About the Author:
Johan Dempers joined the SADF as a National Serviceman in 1987 and served in Operation Hooper, and later as a member of the Cape Town Highlanders. With a military background he also worked for Executive Outcomes and several security related companies in foreign hostile locations. He was nearly killed in an incident on the border between Iraq & Kuwait in December 2005 and spent 2 months in a coma before he started his recovery & had to learn to walk again. A year later he was back in service in Afghanistan.
Writing a review for this book seems so meaningless as no review can really do justice to this little gem. Many men dream of being part of an exciting adventure. Others imagine they are part of such an adventure. Few men actually take the step of turning their lives into a real, and exciting—albeit at times a dangerous—adventure.
Johan Dempers is a man who has created his own adventure(s), has documented them, has photographs to prove they happened, and thankfully he has now shared them with us.
As a schoolboy, Johan imagined himself hacking his way through dense jungles and making hitherto unknown discoveries. After leaving school, he found himself a soldier and turned soldiering into his own unique adventure. He would finally realise his dream of becoming a discoverer of hidden worlds when he answered a small advertisement in 2002.
Writing from the heart, Johan takes the reader on an exciting and incredible journey—a journey through many worlds few have dared to travel. He has ‘adventured’ his way across the battlefields of Angola and Iraq, trekked across South America, escaped from the clutches of cannibalistic Indians who viewed him as a tasty meal, and much more.
Trekking across the snow-capped Andes Mountains in South America, canoeing down the Amazon River, and leaving his tracks in the lost-lost ruins left by the ‘Ancients’, he exhibited great commitment, and good old ‘vasbyt’. Overcoming the numerous obstacles the great unknown can throw in the path of any explorer, he put his head down and with great determination and ingenuity—with camera in hand—has been able to make us part of his incredible journey.
This book is filled with wonderful stories, all true. It also includes good advice to anyone who dares to venture beyond the sitting room.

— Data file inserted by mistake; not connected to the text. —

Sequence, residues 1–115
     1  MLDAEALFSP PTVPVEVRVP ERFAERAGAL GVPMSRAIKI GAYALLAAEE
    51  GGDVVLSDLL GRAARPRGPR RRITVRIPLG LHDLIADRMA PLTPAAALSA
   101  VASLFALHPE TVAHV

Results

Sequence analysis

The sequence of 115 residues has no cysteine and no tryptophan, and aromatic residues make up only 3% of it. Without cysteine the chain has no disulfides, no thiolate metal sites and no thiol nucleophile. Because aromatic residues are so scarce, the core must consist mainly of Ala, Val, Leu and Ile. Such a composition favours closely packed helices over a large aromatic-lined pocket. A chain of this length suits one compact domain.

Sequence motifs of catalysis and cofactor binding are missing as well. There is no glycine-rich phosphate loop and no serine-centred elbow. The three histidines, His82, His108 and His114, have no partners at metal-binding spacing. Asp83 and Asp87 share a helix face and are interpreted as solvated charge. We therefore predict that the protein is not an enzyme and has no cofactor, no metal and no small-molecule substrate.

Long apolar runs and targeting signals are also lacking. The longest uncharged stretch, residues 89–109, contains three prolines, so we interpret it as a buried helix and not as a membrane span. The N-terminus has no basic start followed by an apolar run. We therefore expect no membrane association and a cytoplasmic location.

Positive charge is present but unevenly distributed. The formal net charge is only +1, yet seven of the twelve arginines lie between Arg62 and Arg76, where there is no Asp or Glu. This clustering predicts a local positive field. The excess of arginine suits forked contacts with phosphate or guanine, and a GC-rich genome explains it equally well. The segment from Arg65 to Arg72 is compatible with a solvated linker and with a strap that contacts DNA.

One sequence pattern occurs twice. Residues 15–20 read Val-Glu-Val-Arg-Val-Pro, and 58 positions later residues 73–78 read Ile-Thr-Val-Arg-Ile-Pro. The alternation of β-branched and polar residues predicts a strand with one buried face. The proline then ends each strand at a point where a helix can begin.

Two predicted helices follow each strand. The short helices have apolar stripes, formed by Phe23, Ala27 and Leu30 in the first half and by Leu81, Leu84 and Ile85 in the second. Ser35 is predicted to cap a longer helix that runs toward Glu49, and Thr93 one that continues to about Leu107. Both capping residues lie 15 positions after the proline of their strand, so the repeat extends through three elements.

Subsequent to publishing his book, Johan took off on a new adventure that I hope he will one day share with us as he journeys through the many adventures he has set for himself.
Journey Through Many Worlds is a rare find amongst books of this genre. As the author states
“…the act of putting it on paper resulted in an even greater discovery…”
From the first paragraphs the reader is drawn into this journey, and in the end you realise
that you were made part of the journey, a participant, the silent observer. Being drawn into
the journey exposes the reader to discover the personal traits such as resilience,
commitment, agility and perseverance required to successfully overcome the adversity, to
survive unplanned crisises that unfolds as the adventurer keeps moving towards the journey’s
An end, that in some of the worlds, leave the adventurer/traveler with permanent physical
scars that would raise the bar to achieve success in further journeys. No two worlds can be
more diverse than the Amazon and Iraq and yet the personal traits required remains
The unique writing style made me part of these journeys, but shielded me from the effect
and consequences of them, made me part of the success without paying the price. In the end
I experienced a new motivation and sharper focus of the personal traits required to
successfully reach my own objectives as I venture on my selected journeys through the many
worlds. This time there has been and will be more scars, the price to pay will be for my own
account and maybe one day, I could be amongst the “rare breed” of adventurers, those who
“appreciate and use the many opportunities that are offered, that soon shall come to pass,
that live for the moment but keeping the future in mind.”
As someone once wrote, “I picked up the book, felt its weight and begun to read.”
When I put it down nothing was the same anymore. Things changed and because I have read
it, I am not the same anymore.
Dr Louw Pieterse (PhD, DTh)
Paarl, South Africa